In the final analysis, then, people’s assessments of risk depend on both their experience with situations that are similar to those they are currently facing and particularly their feelings towards those situations and their imagination of what the future might hold. In the case of insurance companies dealing with everyday events such as theft and general life insurance, it is clear that they are able to quantify their experience with all the data that are available to them. But individuals who face risk and for whom data might not be available are obliged to use their imagination, which, as it turns out, can be affected by many factors.

Risk and imagination. One way to characterize people’s assessments of risk is to explore what affects their imagination of risky events occurring. At a rough approximation and holding size of negative outcomes constant the more easy it is for people to imagine a risky event happening, the more likely they are to perceive it as risky. What then affects people’s imaginations?

Let’s start with risks that people don’t imagine and which therefore do not represent risks from their point of view. There are many of these in everyday life. For example (and as noted earlier), each time you walk down a street you could have an accident. However, the possibility of accidents such as these rarely comes to the attention of a fit, able person. In a sense, these accidents fall below the threshold of imagination and thus worry. Second, there are many activities where people feel “in control” and thus do not see the risks in the same way as others might. For example, when considering their ability in driving automobiles (and thus their propensity not to have accidents), most people consider themselves to be well “above average.” Similarly, many business people do not consider that they are engaged in risky decision making because, not only are they in control of what they are doing, they are also experienced.3Shapira, Z. (1995). Risk Taking: A Managerial Perspective. New York: Russell Sage Foundation. Finally, there are many decisions where people do not experience any immediate negative feedback from taking risky actions and thus may fail to see the link between what they do now and what happens in the future. For example, the effects of eating foods with high levels of cholesterol or smoking are delayed in time. In both cases, the activities are pleasurable and negative consequences will not be experienced until much later. In fact, even if people “know” about the negative effects of tobacco and cholesterol, neither of these has much meaning to them if the consequences occur in a distant future with which they cannot identify.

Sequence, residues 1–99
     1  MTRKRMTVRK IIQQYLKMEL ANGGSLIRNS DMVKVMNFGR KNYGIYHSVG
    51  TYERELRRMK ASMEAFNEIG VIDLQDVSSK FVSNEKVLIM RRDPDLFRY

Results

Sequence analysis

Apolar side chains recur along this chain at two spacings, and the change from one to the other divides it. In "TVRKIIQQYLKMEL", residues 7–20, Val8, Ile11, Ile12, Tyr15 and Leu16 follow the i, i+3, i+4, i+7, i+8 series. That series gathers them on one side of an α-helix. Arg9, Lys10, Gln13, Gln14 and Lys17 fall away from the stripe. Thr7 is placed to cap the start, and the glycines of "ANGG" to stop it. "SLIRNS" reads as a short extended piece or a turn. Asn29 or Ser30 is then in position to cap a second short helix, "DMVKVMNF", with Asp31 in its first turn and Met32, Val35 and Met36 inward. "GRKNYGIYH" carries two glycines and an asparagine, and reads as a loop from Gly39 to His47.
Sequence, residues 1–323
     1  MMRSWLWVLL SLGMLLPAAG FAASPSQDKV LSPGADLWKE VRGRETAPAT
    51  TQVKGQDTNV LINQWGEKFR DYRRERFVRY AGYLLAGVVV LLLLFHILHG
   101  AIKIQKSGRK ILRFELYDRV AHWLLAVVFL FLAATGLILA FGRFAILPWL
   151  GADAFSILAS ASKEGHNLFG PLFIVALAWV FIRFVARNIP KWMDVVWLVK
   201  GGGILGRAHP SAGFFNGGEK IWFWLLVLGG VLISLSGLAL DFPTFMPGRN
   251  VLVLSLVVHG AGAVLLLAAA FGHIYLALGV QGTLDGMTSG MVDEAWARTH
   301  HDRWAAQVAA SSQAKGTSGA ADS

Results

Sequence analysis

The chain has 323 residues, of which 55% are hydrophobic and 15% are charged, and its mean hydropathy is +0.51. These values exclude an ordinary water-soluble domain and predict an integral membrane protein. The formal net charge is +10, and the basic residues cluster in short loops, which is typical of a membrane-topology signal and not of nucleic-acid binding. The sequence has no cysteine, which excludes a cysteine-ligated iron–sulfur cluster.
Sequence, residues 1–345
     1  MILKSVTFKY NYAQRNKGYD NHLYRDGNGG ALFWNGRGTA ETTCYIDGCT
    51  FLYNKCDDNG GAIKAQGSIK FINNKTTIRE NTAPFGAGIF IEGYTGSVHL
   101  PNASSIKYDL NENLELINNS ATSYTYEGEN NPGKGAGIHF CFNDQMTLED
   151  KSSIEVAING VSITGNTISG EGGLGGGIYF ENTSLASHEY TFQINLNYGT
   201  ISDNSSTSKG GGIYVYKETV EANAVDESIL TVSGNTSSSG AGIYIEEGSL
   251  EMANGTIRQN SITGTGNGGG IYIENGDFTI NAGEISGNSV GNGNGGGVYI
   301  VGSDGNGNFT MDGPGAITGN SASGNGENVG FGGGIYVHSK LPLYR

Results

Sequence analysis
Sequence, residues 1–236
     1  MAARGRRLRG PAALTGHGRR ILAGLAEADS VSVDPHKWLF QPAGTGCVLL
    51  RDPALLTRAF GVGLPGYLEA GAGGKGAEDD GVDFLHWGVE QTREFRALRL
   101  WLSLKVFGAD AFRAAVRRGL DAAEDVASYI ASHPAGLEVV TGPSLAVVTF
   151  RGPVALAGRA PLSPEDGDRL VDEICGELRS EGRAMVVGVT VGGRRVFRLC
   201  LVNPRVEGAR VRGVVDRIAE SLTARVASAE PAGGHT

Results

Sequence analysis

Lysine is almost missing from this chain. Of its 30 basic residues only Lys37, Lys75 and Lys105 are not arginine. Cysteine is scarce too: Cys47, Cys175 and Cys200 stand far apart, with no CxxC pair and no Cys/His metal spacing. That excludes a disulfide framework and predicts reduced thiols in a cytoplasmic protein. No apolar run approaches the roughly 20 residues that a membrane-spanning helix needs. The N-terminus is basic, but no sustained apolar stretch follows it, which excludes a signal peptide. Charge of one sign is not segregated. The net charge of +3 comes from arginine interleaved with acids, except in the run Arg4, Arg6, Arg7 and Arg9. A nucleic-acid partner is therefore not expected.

There are many ways in which events can become easier to imagine and thus be perceived as more risky. First, consider the difference between describing the risk of an event in terms of statistics or stories. For example, one can describe how certain behavior can lead to a disease by factually presenting statistics, e.g., specific activities increase the chances of contracting an unpleasant disease from .001 to .002. Alternatively, you could describe in detail how someone contracted the disease and its consequences for the person. Moreover, when the person described is relevant to the audience, the impact of the description will be greater than the statistics. Second, the manner in which statistics are presented can have further effects. For example, in one study, experienced forensic psychologists were asked to assess the risk of allowing a patient to be discharged from a mental hospital after being provided with data about similar past cases. Data presented in different formats produced quite different results. When the rate of past recidivism was presented in frequencies (i.e., 20 out of 100), 41 percent refused to discharge the patient. When it was presented in probabilistic form (i.e., a 20 percent chance), only 21 percent refused.4Slovic, P., Monahan, J., & MacGregor, D. G. (2000). Violence risk assessment and risk communication: The effect of using actual cases, providing instruction, and employing probability versus frequency formats, Law and Human Behavior, 24, 271-296.

A further example highlights how making the description of an event very specific can induce people to see it as much more risky. In an investigation of the effects of wording on people’s intentions to buy insurance for air travel, researchers found that that people were willing to pay more for a policy that would insure them against “terrorist acts” as opposed to death from “all possible causes.”5Johnson, E. J., Hershey, J., Meszaros, J., & Kunreuther, H. (1993). Framing, probability distortions, and insurance decisions. Journal of Risk and Uncertainty, 7, 35-51. And yet, as must be obvious to the reader, death from terrorist acts is only one of many ways that could lead to death on an airplane. However, because this scenario was made explicit, it became more salient to people thereby increasing their perception of the risk as measured by their willingness to pay an insurance premium.